Marine Viruses May be Linked to Coral Bleaching
Marine virus outbreaks may be linked to coral bleaching. The new finding could shed some light on environmental stresses and could help scientists better understand what may happen to coral reefs in the future.
In this latest study, the researchers documented a viral outbreak that occurred as corals were bleaching. Coral bleaching occurs when corals eject their zooxanthellae, the symbiotic algae that live in their tissues and conduct photosynthesis. The loss of sugars donated by the algae can leave corals more susceptible to disease or being overgrown by reef competitors, and can result in coral death over time.
"It is well established that bleaching can occur if environmental stress, such as unusually high temperatures, makes the photosynthetic machinery in symbiotic algae go haywire," said Adrienne Simoes Correa, one of the researchers, in a news release. "During this particular event, we saw conditions get tough for coral colonies, then the reef bleached and we observed very high abundances of several kinds of viruses in these corals, all within a period of a few days."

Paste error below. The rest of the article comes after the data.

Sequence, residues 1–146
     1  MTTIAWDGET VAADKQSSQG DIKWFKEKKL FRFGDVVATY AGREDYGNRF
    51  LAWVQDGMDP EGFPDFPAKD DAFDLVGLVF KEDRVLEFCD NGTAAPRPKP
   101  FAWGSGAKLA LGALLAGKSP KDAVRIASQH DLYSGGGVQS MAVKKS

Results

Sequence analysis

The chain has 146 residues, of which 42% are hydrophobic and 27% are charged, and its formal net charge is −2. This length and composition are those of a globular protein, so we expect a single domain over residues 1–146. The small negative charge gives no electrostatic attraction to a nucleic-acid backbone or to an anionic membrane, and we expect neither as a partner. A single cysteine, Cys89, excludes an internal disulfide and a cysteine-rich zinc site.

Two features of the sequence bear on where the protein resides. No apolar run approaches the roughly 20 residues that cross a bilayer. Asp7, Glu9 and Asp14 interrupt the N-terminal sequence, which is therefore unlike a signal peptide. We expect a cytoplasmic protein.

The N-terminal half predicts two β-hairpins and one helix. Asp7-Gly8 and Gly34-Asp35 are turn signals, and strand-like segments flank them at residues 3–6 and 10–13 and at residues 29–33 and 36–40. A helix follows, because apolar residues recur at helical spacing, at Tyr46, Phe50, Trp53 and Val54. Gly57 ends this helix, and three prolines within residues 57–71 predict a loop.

It's possible that viral infection of corals' symbiotic algae may have contributed to the bleaching in these colonies. This finding, in particular, is significant because Earth is experiencing the third recorded incidence of mass coral bleaching on a global scale.
"People all over the world are concerned about long-term coral survival," said Rebecca Vega-Thurber, corresponding study author. "This research suggests that viral infection could be an important part of the problem that until now has been undocumented and has received very little attention."
The findings are published in the journal Frontiers in Microbiology.
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